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since by the time I pre-flight and fuel etc it eats some of my 2 hour block, but this is happening less as I'm getting faster at it.

 

 

I think flying 2-3 times a week is perfect. You keep most of your muscle memory from the previous flight and you have a day or two to absorb your last flight and more ground school. I wouldnt worry too much about that. Personally, I learned by flying once or twice a MONTH....not the best recipe..

 

However, your comment about preflight struck me as odd. You should pay for the time spent in groundschool...you should also pay for the hobbs time on the helicopter, in no way should you pay for the time spent doing preflights. Only when that master switch is on should the meter be running. I hope that you just meant it eats at the time the ship is available and not that it eats into your pocketbook as well.

 

Besides, I think 1.5 hour flight are plenty, 2-3 hour flight can be tiring, especially when learning and your "deathgrip" on the controls.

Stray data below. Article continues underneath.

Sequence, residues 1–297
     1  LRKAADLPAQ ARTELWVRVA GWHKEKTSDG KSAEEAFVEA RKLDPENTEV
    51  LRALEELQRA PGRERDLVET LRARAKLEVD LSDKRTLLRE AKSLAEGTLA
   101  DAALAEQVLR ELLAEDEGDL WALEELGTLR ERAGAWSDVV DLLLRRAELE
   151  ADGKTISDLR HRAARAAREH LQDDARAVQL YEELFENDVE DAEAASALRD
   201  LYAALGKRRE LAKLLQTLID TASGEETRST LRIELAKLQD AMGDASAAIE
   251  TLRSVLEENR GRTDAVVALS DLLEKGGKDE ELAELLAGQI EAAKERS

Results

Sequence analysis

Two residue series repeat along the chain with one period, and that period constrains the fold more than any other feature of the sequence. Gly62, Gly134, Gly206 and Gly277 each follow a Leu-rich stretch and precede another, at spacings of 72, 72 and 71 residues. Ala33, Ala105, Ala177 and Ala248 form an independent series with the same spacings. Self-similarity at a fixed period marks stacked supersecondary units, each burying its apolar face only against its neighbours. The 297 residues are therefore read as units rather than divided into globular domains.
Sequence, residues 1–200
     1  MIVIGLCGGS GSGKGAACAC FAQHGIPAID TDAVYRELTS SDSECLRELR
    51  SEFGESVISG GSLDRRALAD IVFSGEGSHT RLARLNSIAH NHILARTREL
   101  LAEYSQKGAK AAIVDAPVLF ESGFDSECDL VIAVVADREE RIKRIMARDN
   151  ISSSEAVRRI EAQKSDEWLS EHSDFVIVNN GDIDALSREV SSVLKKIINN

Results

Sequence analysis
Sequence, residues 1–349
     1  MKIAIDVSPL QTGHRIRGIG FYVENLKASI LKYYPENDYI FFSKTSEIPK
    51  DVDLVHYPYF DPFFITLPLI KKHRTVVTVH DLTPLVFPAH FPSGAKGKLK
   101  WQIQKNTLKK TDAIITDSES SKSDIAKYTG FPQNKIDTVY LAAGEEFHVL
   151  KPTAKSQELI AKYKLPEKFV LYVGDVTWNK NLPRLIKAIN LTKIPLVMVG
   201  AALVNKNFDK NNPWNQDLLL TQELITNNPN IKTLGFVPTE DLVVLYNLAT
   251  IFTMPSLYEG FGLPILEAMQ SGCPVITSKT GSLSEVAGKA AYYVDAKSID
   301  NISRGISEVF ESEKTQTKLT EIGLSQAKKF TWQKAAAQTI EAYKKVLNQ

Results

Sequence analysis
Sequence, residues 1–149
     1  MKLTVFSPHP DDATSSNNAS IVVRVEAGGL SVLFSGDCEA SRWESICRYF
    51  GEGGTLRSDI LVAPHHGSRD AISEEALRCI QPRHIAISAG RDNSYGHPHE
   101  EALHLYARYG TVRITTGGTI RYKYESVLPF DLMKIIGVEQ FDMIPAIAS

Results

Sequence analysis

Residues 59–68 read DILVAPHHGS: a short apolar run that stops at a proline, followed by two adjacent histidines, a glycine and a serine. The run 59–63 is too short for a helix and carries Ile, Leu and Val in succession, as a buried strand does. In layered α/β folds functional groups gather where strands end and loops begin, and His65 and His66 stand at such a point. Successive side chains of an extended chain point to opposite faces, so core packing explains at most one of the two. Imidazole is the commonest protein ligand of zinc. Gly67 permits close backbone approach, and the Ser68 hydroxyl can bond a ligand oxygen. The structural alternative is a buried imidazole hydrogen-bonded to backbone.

Good luck in your training. Goldy

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Goldy / Captkirkyota,

 

Re: Pre-flight

 

Where I taught, we charged flight time and instruction time separately. Generally the preflight time was not charged as tuition (apart from the first 2 or 3 where the instructor supervised).

 

The problem with this, is that if the student takes 20-25 minutes to pre-flight the instructor is sitting there unpaid for his time. That's life though. Not suggesting anyone rushes their preflight! Flight time was charged by the hobbs.

 

I think that is what captkirkyota meant.

 

Re: Lesson Length

 

I don't know what the point in any lesson greater than 2 hrs (as a general rule). Fatigue sets in and the quality of teaching and learning breaks down. 1.3 - 1.5 is an ideal time for lessons.